Food insecurity is undermining progress made in treating Neglected Tropical Diseases (NTDs) in Kenya.
Researchers have cited poor nutrition as one of the obstacles that is delaying treatment, even with breakthroughs made in new drug regimens that take a shorter period to heal patients.
“NTDs occur in marginalized areas and so the people are faced with the double fix of hunger and disease,” argues Mark Rotich, a medic involved in kalaazar research at the Marigat Health Center in Baringo County.
In Northern Kenya, where the Kenya Medical Research Institute (KEMRI), is involved in NTDs research, the hunger stretch is already being felt amid heavy presence of humanitarian agencies.
“We are having severe malnutrition here where most of the patients are wasted, dehydrated and anaemic,” says Jasmine Tibae, a nutritionist working in Baringo County.
At Kimalel health center, the Drugs for Neglected Disease Initiative (DNDi) has a treatment programme for Kalaazar, which is also one of the seven NTDs in Kenya.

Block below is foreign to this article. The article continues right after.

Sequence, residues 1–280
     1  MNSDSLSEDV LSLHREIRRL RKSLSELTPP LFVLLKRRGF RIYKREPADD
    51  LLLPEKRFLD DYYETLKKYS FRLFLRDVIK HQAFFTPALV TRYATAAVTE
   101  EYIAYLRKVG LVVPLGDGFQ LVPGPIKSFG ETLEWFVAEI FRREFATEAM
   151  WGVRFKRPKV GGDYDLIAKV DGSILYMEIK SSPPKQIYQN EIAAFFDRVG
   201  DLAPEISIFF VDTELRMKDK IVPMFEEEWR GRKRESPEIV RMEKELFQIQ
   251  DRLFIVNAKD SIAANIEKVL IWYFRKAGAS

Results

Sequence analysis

According to Anderson Chelugo, the clinical officer in charge of the five year old facility, the health center admits patients for 21 to 30 days to ensure that they undergo treatment while also on good diet.
“Kalaazar patients are supposed to take high protein diet,” explains Chelugo. “But most come from very poor households where they cannot afford enriched food.”
At the same time, Tibae says patients require food that is rich in plant protein. But in an area where herding is the main economic activity, it is easy to understand why the Kimalel facility was needed by the society.
“It is easy when managing a patient at the hospital because if you discharge them they disappear but they do not adhere to drugs,” argues Tibae.
Kenya is one of the countries with a high prevalence of NTDs, while the World Health Organization (WHO) says there are about 1.4 billion infected people in the world.